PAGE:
In Leth’s film we’re constantly made to think about what is going on inside a rider’s mind, particularly when he’s shot in close-up. Internal dramas play out in the way they do for an actor: will I actually be able to do this? Will I actually forget what to do? What if I’m ill? Will I pace myself properly? Admittedly competitive cyclists don’t have lines to remember, a strategy maybe. But they do worry about their performance, their ‘form’. They’re worried about how good they’re going to be on the day, like actors and dancers. And of course cycle racing is a partly choreographed dance, as the teams pass through fluid formations en route. They try not to think whether they’ll crash and suffer pain and ignominy. They don’t think about it. They pretend not to think about failing. Like actors, they attempt to conquer negativity.


“With each turn of the pedals, every single metre gained hurts”, says the commentator later on in A Sunday In Hell. You are struck by this drive simply to keep going. It made me think of Wishbone’s drive. We’ve been making theatre now for fifteen years. Some would use the term ‘mid-career’ artists to describe us, and we wryly shrug our shoulders. Our development has never really taken a traditional arc starting with ‘emerging’. We weren’t new when we ‘emerged’, and we’re hardly in the middle of our career. In fact I was wondering today if there are many other theatre makers now in middle-age who are ‘emerging’. We’re always ‘emerging’. Often, as for many companies, our process is greatly prolonged due to lack of funding. Or because our new piece doesn’t quite fit the category that some promoters put our work in before. Often our projects are simply not seen by enough people. (One of the reasons we’re doing a short-form version of Mountain High Valley Low for non-theatre spaces.)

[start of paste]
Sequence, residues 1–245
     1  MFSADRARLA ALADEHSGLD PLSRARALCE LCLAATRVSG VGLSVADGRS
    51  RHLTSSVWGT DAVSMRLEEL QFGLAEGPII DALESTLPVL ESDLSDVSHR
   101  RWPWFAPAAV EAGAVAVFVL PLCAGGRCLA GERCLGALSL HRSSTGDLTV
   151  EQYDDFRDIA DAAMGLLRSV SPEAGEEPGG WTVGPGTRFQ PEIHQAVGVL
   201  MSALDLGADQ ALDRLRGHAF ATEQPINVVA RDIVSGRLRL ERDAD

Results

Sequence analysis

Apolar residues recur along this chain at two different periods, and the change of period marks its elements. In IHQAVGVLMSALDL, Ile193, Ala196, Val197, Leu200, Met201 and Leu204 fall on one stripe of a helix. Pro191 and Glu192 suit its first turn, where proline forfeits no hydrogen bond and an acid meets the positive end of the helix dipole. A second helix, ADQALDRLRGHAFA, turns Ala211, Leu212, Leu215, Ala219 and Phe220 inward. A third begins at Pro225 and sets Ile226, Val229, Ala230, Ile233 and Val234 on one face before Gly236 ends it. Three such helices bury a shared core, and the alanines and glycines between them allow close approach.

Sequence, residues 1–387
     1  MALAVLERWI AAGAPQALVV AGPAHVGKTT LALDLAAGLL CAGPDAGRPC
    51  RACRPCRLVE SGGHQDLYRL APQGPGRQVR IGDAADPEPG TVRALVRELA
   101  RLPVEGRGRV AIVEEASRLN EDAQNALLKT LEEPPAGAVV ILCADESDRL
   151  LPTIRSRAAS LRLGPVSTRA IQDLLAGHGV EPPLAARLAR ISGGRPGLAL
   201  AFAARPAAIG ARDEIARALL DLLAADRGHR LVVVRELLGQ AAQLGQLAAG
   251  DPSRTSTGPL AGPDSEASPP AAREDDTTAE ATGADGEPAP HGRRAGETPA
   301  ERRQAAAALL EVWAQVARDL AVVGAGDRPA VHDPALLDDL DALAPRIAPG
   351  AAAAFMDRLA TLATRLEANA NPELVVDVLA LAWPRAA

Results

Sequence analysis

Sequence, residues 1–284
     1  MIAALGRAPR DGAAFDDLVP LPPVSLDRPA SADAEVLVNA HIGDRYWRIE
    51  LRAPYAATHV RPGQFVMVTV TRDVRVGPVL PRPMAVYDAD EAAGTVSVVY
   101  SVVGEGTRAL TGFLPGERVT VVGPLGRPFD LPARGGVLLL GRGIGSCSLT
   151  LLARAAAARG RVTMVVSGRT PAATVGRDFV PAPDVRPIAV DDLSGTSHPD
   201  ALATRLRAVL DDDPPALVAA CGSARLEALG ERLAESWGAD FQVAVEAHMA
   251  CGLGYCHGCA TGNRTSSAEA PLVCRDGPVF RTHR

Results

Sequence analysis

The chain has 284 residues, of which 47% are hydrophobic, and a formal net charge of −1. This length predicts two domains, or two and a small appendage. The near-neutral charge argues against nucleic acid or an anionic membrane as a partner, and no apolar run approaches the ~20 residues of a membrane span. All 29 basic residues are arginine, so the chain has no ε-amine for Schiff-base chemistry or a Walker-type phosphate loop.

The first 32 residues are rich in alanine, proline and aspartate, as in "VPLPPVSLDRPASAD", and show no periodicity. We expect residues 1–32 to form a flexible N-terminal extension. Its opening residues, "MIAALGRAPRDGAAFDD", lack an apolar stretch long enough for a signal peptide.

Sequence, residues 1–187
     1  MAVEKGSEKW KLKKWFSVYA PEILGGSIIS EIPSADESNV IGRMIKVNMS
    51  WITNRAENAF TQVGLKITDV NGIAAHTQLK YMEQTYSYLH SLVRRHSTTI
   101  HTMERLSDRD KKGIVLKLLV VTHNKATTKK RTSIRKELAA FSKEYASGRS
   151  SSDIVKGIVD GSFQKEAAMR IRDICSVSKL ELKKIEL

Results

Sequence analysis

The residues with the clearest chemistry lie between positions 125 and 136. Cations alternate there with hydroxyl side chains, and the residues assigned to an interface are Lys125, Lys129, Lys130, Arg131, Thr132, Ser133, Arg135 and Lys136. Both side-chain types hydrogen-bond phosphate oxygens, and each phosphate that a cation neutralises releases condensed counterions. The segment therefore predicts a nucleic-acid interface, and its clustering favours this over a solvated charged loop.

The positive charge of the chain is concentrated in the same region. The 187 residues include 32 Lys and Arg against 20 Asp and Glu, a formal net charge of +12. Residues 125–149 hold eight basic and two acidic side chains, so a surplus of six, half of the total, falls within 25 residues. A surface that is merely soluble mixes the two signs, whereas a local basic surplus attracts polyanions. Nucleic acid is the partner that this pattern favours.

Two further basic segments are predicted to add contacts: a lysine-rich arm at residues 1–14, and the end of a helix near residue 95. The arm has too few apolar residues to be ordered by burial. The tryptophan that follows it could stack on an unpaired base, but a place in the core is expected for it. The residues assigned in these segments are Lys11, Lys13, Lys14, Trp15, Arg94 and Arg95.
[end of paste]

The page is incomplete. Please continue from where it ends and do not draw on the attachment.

The majority of competitive cyclists never make the podium. They have to cope with failure, and they have to make sense of it. So do we, as theatre makers. We have to do it a lot. Riders cope by believing in a sense of duty. Every rider thinks: “I can’t let my team down, I can’t let myself down. I’ve committed to this. I must not be distracted, and if at any point I falter, I must not let myself be defeated. The show must go on. Because I must do this, not just for me, but for my team and for the sport.”


Over the years we’ve realised as theatre makers that our sense of duty doesn’t just lie towards a particular show. It lies towards our audience. I feel in the past I mainly thought of our work almost in isolation, complete in itself, as if it existed ‘out there’ like an artefact. But that can’t be, or shouldn’t be so, and certainly not in the case of Mountain High Valley Low, which deals with sensitive issues of mental health. For the character Josie in Mountain High Valley Low, it’s about her carrying on and managing, and sorting her life. For us, our duty is to make her journey of mental endurance one that our audience, whether or not they consider themselves beset with mental problems, will really connect with and take something from.


In another of Leth’s cycling films The Stars and the Watercarriers, his narrator talks about the bike race as: “… the way to exercise the power of coincidence, to make ready for the trial of truth”. We were asked recently in an interview with Exeunt Magazine how we came up with the idea of making our current show. We couldn’t answer exactly: it was the coincidence of our moods, our time in life, our needs and interests. Karen and I look forward to being able to make and shape the final avatar of Mountain High Valley Low – the full-length version. That will be ‘our trial of truth’.